Planning for Peace Day 1919


Plans for Peace Day celebrations in Luton were first considered in February 1919, three months after the end of hostilities, when the Town Council voted a halfpenny rate (£545) towards meeting the cost, with the hope that there would be other financial contributions from within the community.

At that point £30 was allocated for the official float (Peace Enthroned), £40 for schoolchildren's sashes and headbands, £90 for musical bands, £150 for commemorative medals for children, £50 for sports prizes and £4 5s. for flares - a total of £364 5s, leaving nearly £200 for other purposes.

Peace celebrations advertisementBy June 3rd, 1919, with still no official Government decision on when Peace Day would be held, the Council pressed on with its plans. The feeling was that the celebration would be in August, possible August Bank Holiday which would also be the fifth anniversary of the Britain's entry into the war. But an August date would present problems organising the children during school holidays.

Undeterred by the uncertainty, the Council decided to be prepared for the celebration - largely influenced by the limited sum at their disposal. First, they planned to accept an invitation to attend a Combined Thanksgiving Service at the Wesleyan Church, Chapel Street, on the morning of Peace Day, but most of Luton's clergy indicated they would be unable to attend as they would be holding services at their own churches that morning.

Decorations and illuminations: The Town Hall and the space in front was to be decorated, flags were to displayed on the Corn Exchange, the Public Library and at Wardown House; the Electricity and Tramways Committee was to be asked to arrange, at the expense of the Electricity Undertaking, for the illumination of the front of the Town Hall; the Gas Company to be invited to illuminate the exterior of the Corn Exchange at their own expense; and a powerful electric lamp to be hung over the suspension bridge at Wardown. Inhabitants would be invited to display flags and to otherwise decorate their premises, especially on the procession route.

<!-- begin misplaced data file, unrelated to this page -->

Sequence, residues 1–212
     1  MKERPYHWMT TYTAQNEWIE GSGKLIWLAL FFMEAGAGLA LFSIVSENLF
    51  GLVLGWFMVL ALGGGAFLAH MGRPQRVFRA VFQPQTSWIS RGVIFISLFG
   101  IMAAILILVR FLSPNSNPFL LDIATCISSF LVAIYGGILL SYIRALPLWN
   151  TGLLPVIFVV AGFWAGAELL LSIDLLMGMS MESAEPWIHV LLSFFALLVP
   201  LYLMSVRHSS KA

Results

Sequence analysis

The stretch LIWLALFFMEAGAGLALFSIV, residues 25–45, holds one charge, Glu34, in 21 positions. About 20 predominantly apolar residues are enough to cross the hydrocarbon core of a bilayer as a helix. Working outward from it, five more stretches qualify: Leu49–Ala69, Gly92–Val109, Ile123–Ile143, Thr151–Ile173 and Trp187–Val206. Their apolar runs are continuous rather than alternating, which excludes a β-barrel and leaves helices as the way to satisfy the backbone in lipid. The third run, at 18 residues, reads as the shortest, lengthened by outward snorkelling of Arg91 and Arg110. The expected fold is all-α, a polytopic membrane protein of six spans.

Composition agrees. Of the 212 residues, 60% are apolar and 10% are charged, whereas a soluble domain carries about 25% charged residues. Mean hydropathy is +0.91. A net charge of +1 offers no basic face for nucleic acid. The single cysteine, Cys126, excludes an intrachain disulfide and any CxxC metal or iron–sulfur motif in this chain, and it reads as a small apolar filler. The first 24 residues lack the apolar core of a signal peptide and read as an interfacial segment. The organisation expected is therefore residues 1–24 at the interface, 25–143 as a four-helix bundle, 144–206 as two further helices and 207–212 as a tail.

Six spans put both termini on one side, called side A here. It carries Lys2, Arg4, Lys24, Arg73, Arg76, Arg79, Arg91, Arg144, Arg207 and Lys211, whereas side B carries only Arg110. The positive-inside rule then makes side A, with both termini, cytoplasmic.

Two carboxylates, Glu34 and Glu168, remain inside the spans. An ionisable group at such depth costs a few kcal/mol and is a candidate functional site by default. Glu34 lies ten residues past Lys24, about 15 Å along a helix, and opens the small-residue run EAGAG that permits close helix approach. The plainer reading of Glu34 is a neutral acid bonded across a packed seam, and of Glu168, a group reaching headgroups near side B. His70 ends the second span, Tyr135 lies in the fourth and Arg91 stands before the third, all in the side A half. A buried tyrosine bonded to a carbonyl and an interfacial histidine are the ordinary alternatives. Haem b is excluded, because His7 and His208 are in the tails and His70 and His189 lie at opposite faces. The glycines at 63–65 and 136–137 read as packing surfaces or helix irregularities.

Procession: This was to assemble at Luton Hoo Park, by permission of Lady Wernher, and proceed at about 2 pm to Wardown Park via Park Street, George Street, Manchester Street and New Bedford Road where it would disperse, Schoolchildren would assemble at East Ward Recreation Ground and join the procession on its arrival there.

Bands: Bands to be engaged to play in the procession and perform during the afternoon and evening were the Red Cross (£30), Salvation Army Temple (£20), Central Mission (£10), Comrades of the Great War (£10).

Medals: Each scholar attending the town's elementary schools (approximately 9,000) to be given a commemorative medal bearing the borough coat of arms and the inscription "Borough of Luton, Celebration of Peace on conclusion of Great War, 1914-1919. Henry Impey, Mayor."

Sports: These to be held at Wardown during the afternoon and evening, organised by Luton Town Cricket Club, Luton and District Cricket League and Luton United Harriers and Cycling Club.

Entertainments: Arrangements to be made at Wardown Park for concerts, entertainments and dancing, and for a gymnastics display by scholars from the Modern School, if the celebration was held before the end of the school session. The gravel field was to be let for fairground amusements.